Getting Past Liberal Bullying: Conservatism Post-2012
Ben Shapiro's new book, Bullies: How The Left's Culture of Fear and Intimidation Silences America, is a must-read for anyone interested in politics. The book delves into who the real enemy is and how to combat him. American Thinker had the privilege of interviewing Ben Shapiro about his latest book.
Ben wanted to emphasize that the main bullies are the mass media, including those TV show moderators who "are liberals masquerading as moderates. It is important to start recognizing who the real enemy is here. The one conservative who has done it right is Newt Gingrich, who started attacking the reporters."
Shapiro's solution is to have conservative representatives go on the talk show circuit and speak out with gusto when it comes to their ideology. They should be polite by thanking their hosts for the opportunity given, but then they should point out in no uncertain terms that since "I am a conservative and you are a liberal, we have two fundamentally different worldviews, and I just want to let the viewers know this."
Shapiro feels that conservatives never frame the debate and just assume that everyone knows that the media is biased. Since the mainstream media no longer represents the truth by presenting both sides of an issue impartially, "conservatives must explain who they are, why the reporters are biased, and what about the reporters makes them biased. Reporters are great in what they do because they are subtle. We lose because politicians are afraid of doing this for fear they are going to be treated badly by the press."
For learning purposes, Shapiro wants conservatives to look at what Candy Crowley did to Mitt Romney in the second presidential debate last year. "I would have reacted by saying, 'Candy it is not your place to be fact-checking this debate, especially when you are wrong. We all know that your sympathies lie with President Obama, and we all understand that. However, it is still no justification for asserting yourself in this debate.' Romney should have gone right at her and instead just took it. He never punched back after the first debate."
Bullies shows that regardless of the cause, the people on the left are currently able to show themselves as protectors and spreading the idea that anyone opposing their agenda should be hated. Pick the cause: be it climate change, gun control, abortion rights, or illegal immigration, anyone opposing the left's position will be instantly and brutally attacked by government officials, the mainstream media, Hollywood, and the union thugs. They try to frame the narrative through attacks that take the form of name-calling, heated rhetoric, and intimidation.
Shapiro summarizes the situation best by pointing out that conservatives are making policy arguments while the left are making character arguments. "They call us racist, and we call them reasonable. If you object to tax hikes, you hate the poor. If you object to abortion, you are launching a war on women. They play the race card, the class card, and the sexism card. Look at the past presidential election. Romney painted Obama as a nice guy, someone reasonable although misguided, a good husband and father. Yet Obama painted Romney as the guy who straps dogs to the top of his car, anti-women, someone who wants to put you back in chains, and fires employees whose wives are dying of cancer. Which one of those candidates would most people vote for?"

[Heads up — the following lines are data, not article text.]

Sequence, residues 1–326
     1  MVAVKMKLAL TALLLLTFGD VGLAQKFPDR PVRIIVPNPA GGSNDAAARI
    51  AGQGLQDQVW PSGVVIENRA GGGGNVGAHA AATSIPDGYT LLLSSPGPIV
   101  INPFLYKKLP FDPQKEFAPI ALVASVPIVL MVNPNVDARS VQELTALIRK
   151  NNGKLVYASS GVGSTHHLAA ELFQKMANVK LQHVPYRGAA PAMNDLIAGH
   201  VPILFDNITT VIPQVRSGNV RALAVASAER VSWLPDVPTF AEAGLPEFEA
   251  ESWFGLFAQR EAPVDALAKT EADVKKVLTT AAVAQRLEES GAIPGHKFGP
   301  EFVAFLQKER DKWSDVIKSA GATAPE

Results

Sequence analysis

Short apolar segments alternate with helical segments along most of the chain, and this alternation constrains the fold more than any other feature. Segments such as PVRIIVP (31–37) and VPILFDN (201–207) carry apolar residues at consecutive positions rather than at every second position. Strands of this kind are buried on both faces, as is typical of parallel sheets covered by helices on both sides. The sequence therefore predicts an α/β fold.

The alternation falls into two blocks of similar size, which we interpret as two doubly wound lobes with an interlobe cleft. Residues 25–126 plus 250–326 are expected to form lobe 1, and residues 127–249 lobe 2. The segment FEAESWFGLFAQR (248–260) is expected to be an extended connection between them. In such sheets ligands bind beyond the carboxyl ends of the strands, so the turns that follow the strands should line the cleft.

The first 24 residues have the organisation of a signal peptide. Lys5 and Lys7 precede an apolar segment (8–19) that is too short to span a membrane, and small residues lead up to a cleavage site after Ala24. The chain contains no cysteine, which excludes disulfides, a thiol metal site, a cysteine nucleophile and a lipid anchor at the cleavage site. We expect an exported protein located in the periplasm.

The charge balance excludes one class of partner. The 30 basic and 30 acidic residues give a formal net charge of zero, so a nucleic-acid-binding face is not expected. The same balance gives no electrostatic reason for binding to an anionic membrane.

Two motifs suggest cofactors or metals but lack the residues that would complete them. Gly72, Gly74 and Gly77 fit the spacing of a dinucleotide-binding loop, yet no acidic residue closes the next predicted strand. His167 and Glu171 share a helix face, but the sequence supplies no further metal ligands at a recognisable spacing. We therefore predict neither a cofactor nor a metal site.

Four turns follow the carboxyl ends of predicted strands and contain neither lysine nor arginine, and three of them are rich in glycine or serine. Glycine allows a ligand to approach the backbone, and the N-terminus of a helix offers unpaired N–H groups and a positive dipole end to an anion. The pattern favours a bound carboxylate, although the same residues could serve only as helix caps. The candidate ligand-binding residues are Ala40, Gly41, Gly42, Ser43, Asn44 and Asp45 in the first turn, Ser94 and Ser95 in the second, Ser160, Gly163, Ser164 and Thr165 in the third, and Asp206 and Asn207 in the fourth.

Conservatives are constantly shying away from the fight in the interests of civility. Shapiro wishes and is hopeful that "our mindset will change. In the aftermath of losing to Bush in 2004, the Democrats did not go into hiding or moderate their position. They got more extreme and more active. We have to point out our opponents' tactics. For example, trotting Gabby Giffords out there to push gun control is disgusting. It makes it seem that people who disagree don't care about her getting shot. They brought her out to create this emotional appeal. We should be pointing that out."
Shapiro also cautions that it is important not to walk into an ambush. When he went on Piers Morgan's show, he immediately made sure the "audience understood there was a rabbit in the bottom of the hat. The proof was in the pudding. When I said to [Morgan] that he was a bully for standing on the graves of children to put forward his agenda, he could not use that argument anymore. He now wants me to come back to debate some Sandy Hook victims. I am not going to do that because it is not appropriate to have political arguments with those who are experiencing grief."
Shapiro is hopeful that conservatives will see that in the past, they have been operating under a false assumption that the status quo is beneficial. "We need to go into the inner cities as well as to talk to all races, religions, and sexes. It is emotions that win people; policies do not. We should be defining our opponent. We can no longer be the pathetic girl who gets dumped by the guy and sits around the house asking, 'What's wrong with me?' We need to change from thinking we can have civil dialogue with people who want to destroy us. We have to stop being and acting like losers. No wonder people, the younger generation especially, do not want to be a part of our movement. People are attracted to passion."
Bullies is a thorough, comprehensive accounting of the left's tactics to implement their policies. This book is very insightful and revealing on the current state of affairs and what conservatives must do if they are to ever win again.
The author writes for American Thinker. She has done book reviews and author interviews and has written a number of national security, political, and foreign policy articles.